I don't know about that particular med. Some meds do cause perminant, long term damages. That's why I tend to be somewhat adverse to young children especially under 5 being put on certain meds that may be just barely safe for adults. It does help to do some research before leaping. I read that
Here's something that lists side effects, etc:
I don't see much that would describe your son's behavior here, but if he's taking other meds on top of this one, there could be a reaction.
I do not know about this medication, or the possible side effects of it. I too am very wary of medications, especially if you consider that they say the brains of those on the spectrum are wired up differently. Also within my close family I have a number of people who react severely to medications and they are not even on the spectrum.
As alot of the behaviour you are mentioning is sensory based I would recommend you read an article in Autism Today by a woman called Olga Bogdashina. She is a reputable professional from the Ukraine, she has a son who is autistic and a daughter who is Aspergers. She has published a number of books. The one about sensory issues is called Sensory and Perceptual Differences in Autism and Aspergers. At the back of this book there is a caregives questionnaire that you can complete to get a sensory profile of the child. That can help all professionals by knowing which senses are most effected, and therefore more ineffective from a sensory processing point of view. This can help decide through which sensory channels you want to 'teach'.
As his sensory issues appear to be escalating, an explanation of that may be (a) increased stress from demands or his environment eg. too noisy/not noisy enough, too bright/not bright enouch etc; (b) if he has perceptual problems through some of his senses he will have to use other senses to 'confirm' sensory information that cannot be understood through his other senses. So, in the same way that a blind child may tap his surroundings or taste them to get an idea of what his environment is like; the same behaviour may be seen in an autistic person who has problems with their visual perception. If he is seeking all kinds of movement it could be that his proprioceptive sense or vestibular sense are hypo-sensitive and he is not getting enough feedback into his own body and therefore has to increase movement to receive feedback that we would get from sitting, walking etc.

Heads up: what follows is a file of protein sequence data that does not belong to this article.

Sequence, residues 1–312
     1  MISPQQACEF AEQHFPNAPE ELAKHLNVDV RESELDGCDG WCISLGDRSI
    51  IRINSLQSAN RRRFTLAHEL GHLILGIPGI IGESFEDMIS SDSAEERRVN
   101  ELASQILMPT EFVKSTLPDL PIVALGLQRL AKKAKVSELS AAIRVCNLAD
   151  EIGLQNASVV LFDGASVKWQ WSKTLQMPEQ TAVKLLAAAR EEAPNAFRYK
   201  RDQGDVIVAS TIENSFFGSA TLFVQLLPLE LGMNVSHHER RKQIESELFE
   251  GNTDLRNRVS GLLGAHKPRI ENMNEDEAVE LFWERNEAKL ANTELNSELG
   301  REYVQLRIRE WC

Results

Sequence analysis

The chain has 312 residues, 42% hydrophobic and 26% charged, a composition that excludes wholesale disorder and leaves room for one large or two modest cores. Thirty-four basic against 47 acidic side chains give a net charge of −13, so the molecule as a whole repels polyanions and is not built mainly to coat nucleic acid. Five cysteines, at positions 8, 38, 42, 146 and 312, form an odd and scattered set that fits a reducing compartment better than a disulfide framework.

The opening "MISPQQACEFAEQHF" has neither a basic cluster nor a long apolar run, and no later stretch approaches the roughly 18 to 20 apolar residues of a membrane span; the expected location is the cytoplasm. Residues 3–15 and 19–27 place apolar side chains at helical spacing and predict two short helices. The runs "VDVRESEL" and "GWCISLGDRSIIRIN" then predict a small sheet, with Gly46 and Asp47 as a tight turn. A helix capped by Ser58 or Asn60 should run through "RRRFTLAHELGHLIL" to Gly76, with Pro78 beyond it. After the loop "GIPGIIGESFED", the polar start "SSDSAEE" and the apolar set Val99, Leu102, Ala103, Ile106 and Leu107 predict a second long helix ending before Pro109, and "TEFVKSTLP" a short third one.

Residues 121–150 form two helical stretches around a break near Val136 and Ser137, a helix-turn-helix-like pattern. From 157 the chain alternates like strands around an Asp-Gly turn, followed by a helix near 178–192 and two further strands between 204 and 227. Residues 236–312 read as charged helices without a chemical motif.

(c) there is also the possibility that although the medication slowed him down it bit, it may have added to the difficulties he has in processing or expressing himself, which would logically lead to more frustration that has to be vented somehow and aggression is one of those ways.
(d) there is also the possibility that some food intolerance is involved, especially if he seems to crave certain types of foods.
But I assume the medication has been reduced again.
So I would read the article by Olga (her questionnaire is used by our autism department and she has been invited to our city a number of times to give talks to both professionals and parents. She is achieving remarkable things with autistic people and her son (who didn't speak until he was 9 (I think), is now bilingual). Her book gives you an understanding of what they are experiencing and why, and once you see that it will be a real eye opener to how certain things maybe actually harming or hurting them from an environmental point of view.
I forgot to mention, the professional who should be able to advice regarding sensory integration disorders is an Occupational therapist, but you need to find one that has experience of Sensory Integration Disorders and who is also knowledgable about autistic spectrum disorders as well (a history in child development would also be useful).
If it is suspected that the child has visual perceptual problems then they should be assessed by irlen Syndrome. Alot of people on the spectrum have this difficulty which can be helped enviromously by wearing glasses with Irlen lenses. There are also coloured overlays that can be used to help with visual distortions in print. Donna Williams, a well known autistic woman, said her glasses literally made it possible for her to see things whole for the first time. Previously she had always had fragmented vision and could never perceive anything whole only pieces of it. Her website is www. donnawilliams. net (take out the spaces).
my son was on tenex ,we taken him off because of very bad aggression now his in the courts system.my other just stared tenex and showing the same both boys is autistic spectrum disorder
I am an Occupational Therapy Assistant and my first question would be if OT is involved because it seems to me that he is starting to seek a lot of sensory input in various areas. There are techniques that can calm a child down such as sensory brushing and joint compressions along with many more, but it is so different with every child and what they will tolerate along with what input they are seeking. I just started working with a lot of autistic children and so many things can affect these kids.